Guided by stress process theory, this study investigates the influence of the economic downturn on chronic pain, as well as the role of two future-oriented buffering mechanisms (anticipated stressor duration and pre-recession financial optimism) in this relationship. We consider both an objective measure of the recession based on personal experience, as well as a subjective event-based appraisal of the recession. Drawing on three waves of data from the National Survey of Midlife Development in the United States (N = 1,062), we used linear lagged dependent variable models to examine the consequences of the Great Recession for chronic pain. The findings reveal that both an accumulation of adverse experiences and global appraisals of the economic recession have harmful, longitudinal implications for chronic pain; however, the consequences for each varied according to future-oriented moderating factors. Overall, our study demonstrates that positive future orientations can be protective for health during an economic crisis.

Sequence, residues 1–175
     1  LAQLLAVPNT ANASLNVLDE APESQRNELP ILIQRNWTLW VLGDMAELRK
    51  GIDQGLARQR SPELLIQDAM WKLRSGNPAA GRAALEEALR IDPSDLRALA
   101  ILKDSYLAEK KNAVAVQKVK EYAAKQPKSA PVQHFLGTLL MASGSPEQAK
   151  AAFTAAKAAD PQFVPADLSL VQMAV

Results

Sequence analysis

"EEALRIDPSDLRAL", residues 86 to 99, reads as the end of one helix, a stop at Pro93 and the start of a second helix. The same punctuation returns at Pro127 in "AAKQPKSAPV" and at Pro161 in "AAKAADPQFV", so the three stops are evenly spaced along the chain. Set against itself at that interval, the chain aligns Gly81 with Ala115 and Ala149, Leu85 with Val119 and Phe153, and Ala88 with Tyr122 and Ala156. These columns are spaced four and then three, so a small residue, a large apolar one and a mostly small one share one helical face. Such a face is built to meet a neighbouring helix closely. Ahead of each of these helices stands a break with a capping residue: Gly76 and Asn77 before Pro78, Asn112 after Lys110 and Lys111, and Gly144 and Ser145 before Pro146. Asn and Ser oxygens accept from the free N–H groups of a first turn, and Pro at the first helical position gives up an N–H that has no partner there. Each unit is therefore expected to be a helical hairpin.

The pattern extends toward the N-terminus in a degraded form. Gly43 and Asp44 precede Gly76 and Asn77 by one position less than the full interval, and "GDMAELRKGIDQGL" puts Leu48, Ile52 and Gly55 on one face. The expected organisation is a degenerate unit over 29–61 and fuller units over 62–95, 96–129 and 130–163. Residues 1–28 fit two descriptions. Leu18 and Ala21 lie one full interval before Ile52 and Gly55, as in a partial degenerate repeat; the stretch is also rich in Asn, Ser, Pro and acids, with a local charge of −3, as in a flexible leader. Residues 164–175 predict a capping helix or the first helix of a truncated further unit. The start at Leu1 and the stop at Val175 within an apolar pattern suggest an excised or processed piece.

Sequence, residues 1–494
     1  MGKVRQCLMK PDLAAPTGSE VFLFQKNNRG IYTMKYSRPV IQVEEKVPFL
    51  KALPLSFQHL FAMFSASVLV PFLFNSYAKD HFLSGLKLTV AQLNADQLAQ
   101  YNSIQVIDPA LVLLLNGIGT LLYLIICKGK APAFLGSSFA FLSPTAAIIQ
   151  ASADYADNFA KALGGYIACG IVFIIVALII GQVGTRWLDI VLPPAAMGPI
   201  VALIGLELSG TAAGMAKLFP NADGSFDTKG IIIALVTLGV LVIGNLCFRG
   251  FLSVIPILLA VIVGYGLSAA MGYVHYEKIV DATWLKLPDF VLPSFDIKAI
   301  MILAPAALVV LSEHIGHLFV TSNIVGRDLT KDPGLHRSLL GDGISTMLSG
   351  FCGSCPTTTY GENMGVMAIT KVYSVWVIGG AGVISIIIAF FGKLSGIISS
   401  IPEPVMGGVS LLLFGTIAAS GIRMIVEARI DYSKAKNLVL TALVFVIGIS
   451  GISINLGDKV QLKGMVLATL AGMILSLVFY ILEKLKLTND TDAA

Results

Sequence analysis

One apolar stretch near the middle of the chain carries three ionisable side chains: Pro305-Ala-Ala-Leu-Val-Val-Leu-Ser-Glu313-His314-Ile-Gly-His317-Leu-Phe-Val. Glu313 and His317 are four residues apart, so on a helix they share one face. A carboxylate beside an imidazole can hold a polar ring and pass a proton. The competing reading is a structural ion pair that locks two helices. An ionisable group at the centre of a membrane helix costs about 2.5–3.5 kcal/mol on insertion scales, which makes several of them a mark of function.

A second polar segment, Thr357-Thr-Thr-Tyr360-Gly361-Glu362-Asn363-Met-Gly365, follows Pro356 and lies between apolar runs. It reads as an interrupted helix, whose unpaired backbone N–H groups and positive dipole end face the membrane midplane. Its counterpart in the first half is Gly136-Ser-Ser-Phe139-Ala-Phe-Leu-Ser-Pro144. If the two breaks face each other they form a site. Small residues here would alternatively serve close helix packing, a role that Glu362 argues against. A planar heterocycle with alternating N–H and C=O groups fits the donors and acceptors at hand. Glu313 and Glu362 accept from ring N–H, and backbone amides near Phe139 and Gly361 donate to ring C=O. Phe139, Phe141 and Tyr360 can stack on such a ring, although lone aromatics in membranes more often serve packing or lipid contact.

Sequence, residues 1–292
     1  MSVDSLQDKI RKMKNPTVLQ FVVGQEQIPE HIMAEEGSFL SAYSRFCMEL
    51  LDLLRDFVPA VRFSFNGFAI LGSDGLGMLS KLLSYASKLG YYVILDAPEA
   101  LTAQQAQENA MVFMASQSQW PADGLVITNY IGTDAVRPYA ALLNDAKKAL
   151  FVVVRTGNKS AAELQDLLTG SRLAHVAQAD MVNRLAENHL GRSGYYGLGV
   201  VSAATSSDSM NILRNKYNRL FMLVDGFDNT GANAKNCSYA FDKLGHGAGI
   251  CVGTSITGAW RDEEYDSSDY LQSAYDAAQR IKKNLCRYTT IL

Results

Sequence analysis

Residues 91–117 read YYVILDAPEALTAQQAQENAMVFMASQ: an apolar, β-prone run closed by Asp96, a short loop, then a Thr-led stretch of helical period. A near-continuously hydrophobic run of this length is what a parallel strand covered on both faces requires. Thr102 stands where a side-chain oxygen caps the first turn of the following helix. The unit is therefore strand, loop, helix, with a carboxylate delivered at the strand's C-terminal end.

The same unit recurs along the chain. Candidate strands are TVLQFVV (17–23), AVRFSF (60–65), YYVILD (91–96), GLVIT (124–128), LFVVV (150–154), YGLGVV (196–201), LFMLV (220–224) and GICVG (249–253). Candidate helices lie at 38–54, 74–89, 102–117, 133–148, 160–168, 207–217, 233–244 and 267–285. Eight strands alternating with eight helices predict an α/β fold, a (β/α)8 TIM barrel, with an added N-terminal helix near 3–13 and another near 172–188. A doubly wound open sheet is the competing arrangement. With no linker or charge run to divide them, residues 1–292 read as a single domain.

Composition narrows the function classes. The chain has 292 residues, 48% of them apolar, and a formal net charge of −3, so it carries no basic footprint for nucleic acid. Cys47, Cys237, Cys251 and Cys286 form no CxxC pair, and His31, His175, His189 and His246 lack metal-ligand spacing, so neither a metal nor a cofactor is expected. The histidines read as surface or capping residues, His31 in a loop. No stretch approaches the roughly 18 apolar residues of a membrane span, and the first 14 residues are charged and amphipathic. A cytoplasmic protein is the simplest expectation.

Presented in Session 11. Health & Mortality 2